When Analogies Go Wrong: The Benefits of Stress?

An amazing discovery becomes an inspiring analogy: Researchers at BioSphere 2 noticed a bizarre series of events: their trees kept collapsing under their own weight. Why on earth would trees collapse? It doesn’t happen outside the BioSphere; so why would

Failure to Disrupt by Justin Reich

Failure to Disrupt: Why Technology Alone Can’t Transform Education is a well-written critical synthesis of overzealous claims and unrealistic attempts to revolutionize education through technology. Its author, Justin Reich, is an Assistant Professor in the Comparative Media Studies department at

Handwritten Notes or Laptop Notes: A Skeptic Converted?

Here’s a practical question: should our students take notes by hand, or on laptops? If we were confident that one strategy or the other produced more learning – factual learning, conceptual learning, ENDURING learning – then we could give our

Too Good to Be True? “Even Short Nature Walks Improve Cognition”?

Good news makes me nervous. More precisely: if I want to believe a research finding, I become very suspicious of it. After all: it’s easy to fool me when I want to be fooled. Specifically: I’m an outdoors guy. I’ve worked at

Working Memory: Make it Bigger, or Use it Better?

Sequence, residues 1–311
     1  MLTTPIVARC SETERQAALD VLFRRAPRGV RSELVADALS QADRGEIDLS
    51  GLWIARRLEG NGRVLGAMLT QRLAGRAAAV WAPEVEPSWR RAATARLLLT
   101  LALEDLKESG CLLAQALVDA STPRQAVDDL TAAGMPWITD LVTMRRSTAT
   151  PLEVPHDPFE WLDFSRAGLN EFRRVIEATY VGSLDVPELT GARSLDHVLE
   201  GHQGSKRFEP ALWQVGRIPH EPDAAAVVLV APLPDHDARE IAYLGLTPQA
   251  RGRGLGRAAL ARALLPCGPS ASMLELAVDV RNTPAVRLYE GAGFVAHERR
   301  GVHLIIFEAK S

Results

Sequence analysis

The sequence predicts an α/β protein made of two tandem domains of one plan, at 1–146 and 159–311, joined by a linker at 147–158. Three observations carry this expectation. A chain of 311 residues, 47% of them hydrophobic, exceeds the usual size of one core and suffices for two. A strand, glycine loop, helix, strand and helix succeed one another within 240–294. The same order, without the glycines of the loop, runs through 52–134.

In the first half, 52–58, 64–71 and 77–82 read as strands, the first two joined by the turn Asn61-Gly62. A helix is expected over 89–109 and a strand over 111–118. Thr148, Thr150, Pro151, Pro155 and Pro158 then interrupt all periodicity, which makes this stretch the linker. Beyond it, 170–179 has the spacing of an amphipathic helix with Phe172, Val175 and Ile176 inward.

Cognitive science has LOTS of good news for teachers. Can we help students remember ideas and skills better? Yes, we can! (Check out retrieval practice and other desirable difficulties). Can we promote students’ attention? Yes, we can! (Posner and Rothbart’s

Learning How to Learn: Do Video Games Help?

Long-time readers know: I like research that surprises me. If a study confirms a belief I already have, I’m glad for that reinforcement. However, I have more to learn when a study challenges my beliefs. As you’ll see below, I’m

The Art of Insubordination by Todd Kashdan

The Art of Insubordination: How to Dissent and Defy Effectively, a provocative title in a time of incredible social turmoil. One may think Todd B. Kashdan focuses on defying a system that is oppressive and conformist; the title brings to

Don’t Hate on Comic Sans; It Helps Dyslexic Readers (Asterisk)

People have surprising passions. Some friends regularly announce that the Oxford comma is a hill they’re ready to die on. (I’m an English teacher, and yet I wonder: you’re willing to die over a punctuation mark?) With equal energy and

Perspectives on Critical Thinking: Can We Teach It? How Do We Know?

Imagine the following scenario: A school principal gathers wise cognitive scientists to ask a straightforward question… “Because critical thinking is an essential 21st century skill, we know our students need to develop critical thinking skills. If we want to create

Do Classroom Decorations Distract Students? A Story in 4 Parts…

Teacher training programs often encourage us to brighten our classrooms with lively, colorful, personal, and uplifting stuff: Inspirational posters. Students’ art work. Anchor charts. Word walls. You know the look. We certainly hope that these decorations invite our students in